“The opposite of a profound truth may well be another profound truth.”
— Niels Bohr
When I was a kid, I was poor, and smart, and could talk. Boy, how I could talk. Hardly did anything else, so I very nearly became a barrister. But then, being smart, I realised I’d rather not be trapped into that kind of world, because once in the only way out is through the dock. I did a whole bunch of other things instead, and now the bar I look across serves a range of real ales. I like the view much better across this bar: less wigs, more laughing.
Al Murray is a comedian. I am not: I’m a publican. Other things I’m not include a party politician, a pure-bred Englishman, and female. What I am is increasingly frustrated with public debate in Britain, not merely for its content and its occasional absurdity, but because it is framed in the wrong terms. Too much of our modern understanding of politics is actually factionalism. It’s easier to understand Us and Them than it is to understand enlightened self-interest, or compassion, or hope. The future-minded and socially liberal are being forced into defensive coalitions against the racist and the religious-fanatic factions. Whose team one is on is often considered more important than what one thinks. Dogma has replaced debate.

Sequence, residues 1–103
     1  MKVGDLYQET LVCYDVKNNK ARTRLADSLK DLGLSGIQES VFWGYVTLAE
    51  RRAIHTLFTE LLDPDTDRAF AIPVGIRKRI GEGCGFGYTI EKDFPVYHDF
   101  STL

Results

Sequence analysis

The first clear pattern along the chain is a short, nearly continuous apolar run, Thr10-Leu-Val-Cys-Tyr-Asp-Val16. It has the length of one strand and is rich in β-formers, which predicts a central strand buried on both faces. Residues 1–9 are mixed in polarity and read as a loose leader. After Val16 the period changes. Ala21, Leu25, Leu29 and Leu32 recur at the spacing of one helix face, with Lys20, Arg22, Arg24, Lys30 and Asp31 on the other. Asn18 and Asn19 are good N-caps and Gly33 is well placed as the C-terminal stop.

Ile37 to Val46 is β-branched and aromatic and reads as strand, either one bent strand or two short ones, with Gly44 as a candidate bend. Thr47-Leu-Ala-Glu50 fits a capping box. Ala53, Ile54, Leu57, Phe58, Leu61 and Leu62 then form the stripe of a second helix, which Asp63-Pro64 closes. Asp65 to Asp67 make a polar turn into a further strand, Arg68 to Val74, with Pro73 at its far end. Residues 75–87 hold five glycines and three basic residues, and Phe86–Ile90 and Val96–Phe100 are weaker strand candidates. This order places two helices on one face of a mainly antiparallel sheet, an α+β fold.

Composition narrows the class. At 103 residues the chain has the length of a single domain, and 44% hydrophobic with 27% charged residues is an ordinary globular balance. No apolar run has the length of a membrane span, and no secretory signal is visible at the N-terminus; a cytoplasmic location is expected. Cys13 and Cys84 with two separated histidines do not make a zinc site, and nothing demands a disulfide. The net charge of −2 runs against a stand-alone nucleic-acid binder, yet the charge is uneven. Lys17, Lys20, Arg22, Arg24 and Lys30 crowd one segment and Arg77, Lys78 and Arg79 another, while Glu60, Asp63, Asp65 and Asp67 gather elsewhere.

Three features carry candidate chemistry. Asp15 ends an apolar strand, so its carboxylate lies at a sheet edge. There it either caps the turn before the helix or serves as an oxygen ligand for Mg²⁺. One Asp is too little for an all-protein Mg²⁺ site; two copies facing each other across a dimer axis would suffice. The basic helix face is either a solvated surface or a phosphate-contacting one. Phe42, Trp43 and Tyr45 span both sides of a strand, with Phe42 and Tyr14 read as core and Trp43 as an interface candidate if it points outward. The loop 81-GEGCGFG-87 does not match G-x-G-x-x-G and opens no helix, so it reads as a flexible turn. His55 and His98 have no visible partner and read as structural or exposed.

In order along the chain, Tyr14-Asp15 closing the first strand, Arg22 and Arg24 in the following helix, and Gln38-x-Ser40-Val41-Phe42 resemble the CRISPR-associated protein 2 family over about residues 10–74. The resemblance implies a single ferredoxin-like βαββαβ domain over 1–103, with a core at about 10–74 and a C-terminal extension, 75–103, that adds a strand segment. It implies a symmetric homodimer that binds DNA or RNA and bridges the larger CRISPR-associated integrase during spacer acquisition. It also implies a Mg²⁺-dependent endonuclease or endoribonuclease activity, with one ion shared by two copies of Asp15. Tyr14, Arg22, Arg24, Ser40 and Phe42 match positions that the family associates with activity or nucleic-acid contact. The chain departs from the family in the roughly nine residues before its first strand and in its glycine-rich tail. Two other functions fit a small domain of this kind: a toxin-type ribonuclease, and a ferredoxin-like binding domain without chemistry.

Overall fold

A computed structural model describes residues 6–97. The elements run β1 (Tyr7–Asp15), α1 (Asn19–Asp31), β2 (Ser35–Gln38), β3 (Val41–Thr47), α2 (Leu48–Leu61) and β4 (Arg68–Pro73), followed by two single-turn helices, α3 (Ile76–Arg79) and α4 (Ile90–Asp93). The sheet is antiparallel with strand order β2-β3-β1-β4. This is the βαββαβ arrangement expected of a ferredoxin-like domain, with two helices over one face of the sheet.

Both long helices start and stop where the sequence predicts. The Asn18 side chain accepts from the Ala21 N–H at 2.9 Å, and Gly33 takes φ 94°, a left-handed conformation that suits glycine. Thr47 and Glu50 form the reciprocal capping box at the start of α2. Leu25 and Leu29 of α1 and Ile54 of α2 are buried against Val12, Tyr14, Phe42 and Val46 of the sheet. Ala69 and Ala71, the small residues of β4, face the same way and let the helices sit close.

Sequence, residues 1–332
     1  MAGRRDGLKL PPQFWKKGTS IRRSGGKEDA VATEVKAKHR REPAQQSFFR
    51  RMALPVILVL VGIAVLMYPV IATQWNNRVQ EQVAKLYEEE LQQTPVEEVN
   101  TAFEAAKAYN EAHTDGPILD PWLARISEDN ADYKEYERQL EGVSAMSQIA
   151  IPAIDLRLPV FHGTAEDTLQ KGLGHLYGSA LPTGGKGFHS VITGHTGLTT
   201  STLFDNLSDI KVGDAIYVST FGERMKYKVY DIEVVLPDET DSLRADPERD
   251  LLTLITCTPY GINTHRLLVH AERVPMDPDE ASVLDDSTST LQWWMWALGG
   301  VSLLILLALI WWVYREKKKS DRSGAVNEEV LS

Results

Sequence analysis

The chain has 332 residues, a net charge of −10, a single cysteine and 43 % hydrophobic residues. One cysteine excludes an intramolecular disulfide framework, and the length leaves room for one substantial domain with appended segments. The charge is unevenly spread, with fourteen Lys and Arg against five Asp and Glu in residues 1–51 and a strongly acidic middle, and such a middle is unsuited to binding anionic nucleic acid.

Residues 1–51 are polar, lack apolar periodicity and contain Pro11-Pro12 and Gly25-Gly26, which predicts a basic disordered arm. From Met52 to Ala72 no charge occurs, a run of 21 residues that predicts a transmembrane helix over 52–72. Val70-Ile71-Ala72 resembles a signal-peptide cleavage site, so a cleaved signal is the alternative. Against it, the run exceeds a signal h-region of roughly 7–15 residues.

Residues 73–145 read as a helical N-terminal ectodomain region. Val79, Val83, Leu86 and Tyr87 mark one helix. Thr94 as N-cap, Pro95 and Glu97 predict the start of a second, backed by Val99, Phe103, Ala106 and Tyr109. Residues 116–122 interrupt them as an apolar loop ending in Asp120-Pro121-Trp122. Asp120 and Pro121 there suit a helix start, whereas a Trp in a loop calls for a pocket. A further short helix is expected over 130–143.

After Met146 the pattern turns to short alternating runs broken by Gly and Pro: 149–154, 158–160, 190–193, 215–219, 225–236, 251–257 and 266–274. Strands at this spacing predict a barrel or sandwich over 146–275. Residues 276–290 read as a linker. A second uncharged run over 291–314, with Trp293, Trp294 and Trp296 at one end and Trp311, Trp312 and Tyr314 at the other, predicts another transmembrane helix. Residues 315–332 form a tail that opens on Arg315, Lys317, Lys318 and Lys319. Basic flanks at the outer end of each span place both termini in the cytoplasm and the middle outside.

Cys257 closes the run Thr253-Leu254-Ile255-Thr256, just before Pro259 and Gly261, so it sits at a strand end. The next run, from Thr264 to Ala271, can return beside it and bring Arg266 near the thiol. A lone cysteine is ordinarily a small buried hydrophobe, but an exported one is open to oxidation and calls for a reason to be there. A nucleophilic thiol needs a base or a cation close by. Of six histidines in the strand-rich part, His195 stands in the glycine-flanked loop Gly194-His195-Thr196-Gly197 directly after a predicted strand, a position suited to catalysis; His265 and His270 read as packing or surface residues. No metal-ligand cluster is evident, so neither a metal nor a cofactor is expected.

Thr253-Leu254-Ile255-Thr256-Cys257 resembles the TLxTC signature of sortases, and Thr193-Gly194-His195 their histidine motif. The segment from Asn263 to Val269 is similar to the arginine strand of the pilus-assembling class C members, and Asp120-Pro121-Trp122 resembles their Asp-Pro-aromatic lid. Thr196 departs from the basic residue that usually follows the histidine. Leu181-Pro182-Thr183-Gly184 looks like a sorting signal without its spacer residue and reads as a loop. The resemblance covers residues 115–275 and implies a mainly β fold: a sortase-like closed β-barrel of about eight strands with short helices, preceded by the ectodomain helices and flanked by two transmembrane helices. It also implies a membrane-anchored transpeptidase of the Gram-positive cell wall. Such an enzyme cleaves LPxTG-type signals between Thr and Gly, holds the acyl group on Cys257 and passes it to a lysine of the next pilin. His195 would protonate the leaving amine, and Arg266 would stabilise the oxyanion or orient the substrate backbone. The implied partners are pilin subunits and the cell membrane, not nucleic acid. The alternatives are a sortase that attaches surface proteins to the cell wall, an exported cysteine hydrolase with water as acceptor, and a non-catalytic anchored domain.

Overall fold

As my name suggests I have both British and American heritage, and I see the world from a viewpoint which is restricted to neither. I grew up in the Third World, which means I have been an ethnic minority and an immigrant worker. I will discuss with equal freedom gun control laws, politician control laws, and drug control laws. I will not apologise for any of the above.
My challenge is to explore these will-o’the-webs and from them draw a (hopefully faithful) map of modern socio-politics. The readers’ challenge is to pull back their viewpoint far enough that we’re all looking at the big picture. That way, we can get to figuring out which bits to paint over.